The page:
When the glass coffin breaks, spilling all the water, the mermaid is reborn as a human. Echoes of Splash come to mind here, as well as Disney’s earlier effort, The Little Mermaid. The transformation in this case, seems spiritual as well as physical. Syrena, whose very name invokes the classical sirens, is the one who delivers the magical chalices (communion, anyone?) to Jack Sparrow to save the life of Angelica, or, more likely, to bring Blackbeard to an end. Our busy mermaid, now transformed again to her fishly form, saves the injured missionary by converting him to her way of life under the waves. There are shades of Lovecraft here as well as a reversal of Ariel’s fate in Little Mermaid. Although critics were harsh on this movie where a comic character now takes on a serious role, I still find it compelling. Nearly all the main characters undergo transformations as the story unfolds and whether heathenish or not, almost everyone ends up a better Christian of one sort or another.

Preachers and Pirates

One of the more colorful characters, albeit briefly mentioned, in Jon Butler’s New World Faiths, is Rev. Henry Loveall. While not a major historical figure in any sense of the word, and as a man who is known without the benefit of his own account of himself, the little we know of him intrigues. According to Butler, Loveall was dismissed as pastor from the Baptist church in Piscataway, New Jersey (a town in which I once worked) on charges of bigamy, prompting the Philadelphia Baptist Association to note he’d chosen an appropriate name for himself. Genealogical records online indicate that his given name was Desolate Baker and that he was born in Cambridge, England. As a youth he found himself in trouble for immorality with a woman at his church and he moved to America. Records are sketchy, but he apparently moved from Rhode Island to New Jersey to Maryland to Virginia. He had married but had gone to Virginia with another man’s wife. Even the usually forgiving genealogical records indicate some suspicion of his character.

Loveall lived in the eighteenth century when the world was still large enough to hide in. While I’m not the one to be impressed with Disney’s attempts at profundity in the Pirates of the Caribbean series of movies, there is one parsimonious line from At World’s End where Barbossa and Sparrow are discussing the incursion of business interests (in a delightful irony for a Disney film) into the free-spirited world of piracy. Barbossa avers that the world is smaller, but Jack Sparrow retorts that it’s not a smaller world after all, but “there’s just less in it.” Our world has been rapidly reduced to the pixels we can see on the screen in front of us. Bloggers are acclaimed as experts while those who’ve gazed across the war-torn promised land from atop the Mount of Olives with its frenetic network of churches start to doubt what their own eyes have revealed to them. We are content to let the Lovealls and Sparrows live it for us.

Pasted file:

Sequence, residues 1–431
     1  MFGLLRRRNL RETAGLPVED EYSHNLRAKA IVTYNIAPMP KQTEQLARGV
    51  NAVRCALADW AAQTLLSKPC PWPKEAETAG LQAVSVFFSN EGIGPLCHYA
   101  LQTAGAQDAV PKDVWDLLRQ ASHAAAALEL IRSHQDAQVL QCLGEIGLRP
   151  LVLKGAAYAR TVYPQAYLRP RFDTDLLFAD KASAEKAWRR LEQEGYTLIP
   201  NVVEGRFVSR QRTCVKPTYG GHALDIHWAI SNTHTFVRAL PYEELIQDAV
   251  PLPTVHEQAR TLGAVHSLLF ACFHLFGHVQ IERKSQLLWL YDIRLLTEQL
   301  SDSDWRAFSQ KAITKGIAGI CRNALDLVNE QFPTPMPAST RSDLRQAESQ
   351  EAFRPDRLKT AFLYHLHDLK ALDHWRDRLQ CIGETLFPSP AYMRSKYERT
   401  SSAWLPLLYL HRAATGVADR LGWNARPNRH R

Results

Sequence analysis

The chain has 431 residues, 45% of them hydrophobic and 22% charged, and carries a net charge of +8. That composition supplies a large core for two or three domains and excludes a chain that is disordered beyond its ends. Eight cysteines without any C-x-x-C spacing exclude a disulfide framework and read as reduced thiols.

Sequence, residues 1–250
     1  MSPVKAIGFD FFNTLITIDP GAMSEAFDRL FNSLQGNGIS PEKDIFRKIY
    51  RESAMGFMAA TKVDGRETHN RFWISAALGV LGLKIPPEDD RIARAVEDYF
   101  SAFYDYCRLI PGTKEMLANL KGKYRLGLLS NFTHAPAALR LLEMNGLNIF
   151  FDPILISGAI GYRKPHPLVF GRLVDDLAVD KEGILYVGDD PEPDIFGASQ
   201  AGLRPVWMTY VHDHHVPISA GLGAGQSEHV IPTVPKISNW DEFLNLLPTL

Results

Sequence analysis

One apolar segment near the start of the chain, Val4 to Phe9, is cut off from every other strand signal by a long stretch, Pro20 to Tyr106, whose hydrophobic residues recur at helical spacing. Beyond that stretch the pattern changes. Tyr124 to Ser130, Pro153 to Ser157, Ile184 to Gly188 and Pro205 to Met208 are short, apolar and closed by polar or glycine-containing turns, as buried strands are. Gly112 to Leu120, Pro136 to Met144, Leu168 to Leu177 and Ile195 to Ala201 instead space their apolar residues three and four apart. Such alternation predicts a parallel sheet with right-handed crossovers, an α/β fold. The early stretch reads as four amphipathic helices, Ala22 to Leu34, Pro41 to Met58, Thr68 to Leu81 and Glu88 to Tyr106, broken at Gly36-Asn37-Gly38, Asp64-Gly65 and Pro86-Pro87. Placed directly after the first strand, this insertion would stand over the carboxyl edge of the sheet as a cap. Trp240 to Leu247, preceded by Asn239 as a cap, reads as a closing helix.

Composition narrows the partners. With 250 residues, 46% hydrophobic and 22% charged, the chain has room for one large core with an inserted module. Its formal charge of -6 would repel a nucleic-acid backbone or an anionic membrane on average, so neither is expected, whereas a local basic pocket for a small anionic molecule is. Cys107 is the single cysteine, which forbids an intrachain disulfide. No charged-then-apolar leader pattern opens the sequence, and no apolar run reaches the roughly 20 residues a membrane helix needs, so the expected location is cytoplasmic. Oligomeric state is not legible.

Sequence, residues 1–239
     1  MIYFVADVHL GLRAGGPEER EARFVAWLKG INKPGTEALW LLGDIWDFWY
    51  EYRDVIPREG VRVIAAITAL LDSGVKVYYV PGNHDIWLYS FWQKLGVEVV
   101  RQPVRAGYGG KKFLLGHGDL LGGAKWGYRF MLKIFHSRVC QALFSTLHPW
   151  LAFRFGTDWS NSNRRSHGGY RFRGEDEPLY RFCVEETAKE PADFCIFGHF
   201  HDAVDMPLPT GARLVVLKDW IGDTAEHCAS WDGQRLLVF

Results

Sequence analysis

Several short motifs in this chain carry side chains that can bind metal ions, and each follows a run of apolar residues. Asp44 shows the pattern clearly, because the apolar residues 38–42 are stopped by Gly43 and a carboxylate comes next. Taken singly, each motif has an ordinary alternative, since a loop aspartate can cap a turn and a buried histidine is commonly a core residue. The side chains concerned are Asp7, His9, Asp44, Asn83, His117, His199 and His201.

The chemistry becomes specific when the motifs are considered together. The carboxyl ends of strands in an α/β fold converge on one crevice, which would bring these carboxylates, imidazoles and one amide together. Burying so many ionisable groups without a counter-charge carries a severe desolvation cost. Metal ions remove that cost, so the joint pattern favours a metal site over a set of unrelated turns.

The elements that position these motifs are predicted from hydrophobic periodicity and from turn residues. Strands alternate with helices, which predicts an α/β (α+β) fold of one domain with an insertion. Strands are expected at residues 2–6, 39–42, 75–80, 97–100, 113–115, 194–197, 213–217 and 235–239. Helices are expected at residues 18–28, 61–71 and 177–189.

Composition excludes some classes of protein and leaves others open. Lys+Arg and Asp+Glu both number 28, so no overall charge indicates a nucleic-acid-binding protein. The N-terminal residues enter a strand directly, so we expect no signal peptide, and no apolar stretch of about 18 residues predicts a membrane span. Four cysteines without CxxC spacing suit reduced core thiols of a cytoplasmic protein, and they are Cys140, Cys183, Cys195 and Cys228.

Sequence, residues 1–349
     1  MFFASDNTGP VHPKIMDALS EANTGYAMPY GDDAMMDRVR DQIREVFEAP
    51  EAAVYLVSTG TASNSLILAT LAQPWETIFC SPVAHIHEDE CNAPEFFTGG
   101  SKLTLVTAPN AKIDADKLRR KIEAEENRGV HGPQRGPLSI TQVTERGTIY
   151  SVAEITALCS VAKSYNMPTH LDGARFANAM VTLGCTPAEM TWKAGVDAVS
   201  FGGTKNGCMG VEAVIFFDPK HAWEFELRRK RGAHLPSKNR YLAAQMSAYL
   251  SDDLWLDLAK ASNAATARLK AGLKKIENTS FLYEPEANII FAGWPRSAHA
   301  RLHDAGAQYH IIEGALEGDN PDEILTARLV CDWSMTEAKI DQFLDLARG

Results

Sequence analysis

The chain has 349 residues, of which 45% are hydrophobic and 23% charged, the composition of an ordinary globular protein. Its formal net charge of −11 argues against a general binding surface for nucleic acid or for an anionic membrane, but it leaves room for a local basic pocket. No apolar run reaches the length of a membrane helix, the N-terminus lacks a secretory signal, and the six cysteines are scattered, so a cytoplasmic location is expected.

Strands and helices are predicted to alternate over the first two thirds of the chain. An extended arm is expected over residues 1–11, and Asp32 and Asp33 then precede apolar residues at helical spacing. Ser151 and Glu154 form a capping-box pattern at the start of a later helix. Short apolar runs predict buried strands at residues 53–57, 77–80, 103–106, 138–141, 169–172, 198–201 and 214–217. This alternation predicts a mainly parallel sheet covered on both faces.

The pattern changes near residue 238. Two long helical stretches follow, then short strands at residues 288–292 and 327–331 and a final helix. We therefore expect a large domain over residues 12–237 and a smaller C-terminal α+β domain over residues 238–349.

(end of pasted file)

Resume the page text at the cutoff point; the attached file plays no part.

Our names are seldom a matter of choice. Like being born, they are factors in the midst of which we find ourselves—someone else supposed that we might turn out like this. The names we would select for ourselves show the size of our inner worlds. To love all is a noble sentiment. A sparrow is nervous, flighty, and has but a small brain. Our inner worlds are partially constructed by our religions. Declaring on divine authority what we must and mustn’t do, we find ourselves born into religions like we’re born into names. Few question the faith tradition fed to them by parents with such certainty, and that religion, just as surely as our name, becomes an integral part of our identity. History tell us little of Henry Loveall, a man who changed his name, and a clergyman who lived religion on his own terms.


Serpents, Rainbows, and Black Pearls

Riding on a bus with a bunch of coughing commuters may not be the best setting for reading about poisons and zombies. I am also aware that Wade Davis has come into criticism by some of his professional colleagues and that the movie based on his book, The Serpent and the Rainbow, may have led to an aneurism or two among scholars of Haiti. Nevertheless, Borders was closing down and a copy of the book remained on the shelf for an insanely low price, and October would soon be upon us. This past week I read Davis’ intriguing account of his experience with real-life zombies and the fascinating religion of vodoun. A number of issues were raised by his account, not least of which is that the feared religion of “voodoo” is a direct result of the evils of African slavery that brought indigenous gods into the realm of Christianity, and mixed them vigorously. My first “exposure” to vodoun was in the old James Bond movie, Live and Let Die. It terrified me as a child, and even with rational eyes, I’m not sure I fare much better as an adult.

No matter what one thinks of Wade Davis and his work, The Serpent and the Rainbow is a fascinating work. One of the most interesting aspects Davis raises is the continuing issue of defining death. Premature burial may sounds like the hysteria of a Poe-induced nightmare, but, as Davis shows, most methods of measuring death are susceptible to being fooled. Those who are termed “zombies,” in the vodoun sense of the word, are people declared dead by medical professionals, yet who are later found, after their burials, very much alive. Many readers will find this difficult to accept, but it is a phenomenon that goes back to Seabrook’s swashbuckling adventures of early last century and even before. If Davis is to be believed, it is thoroughly documented.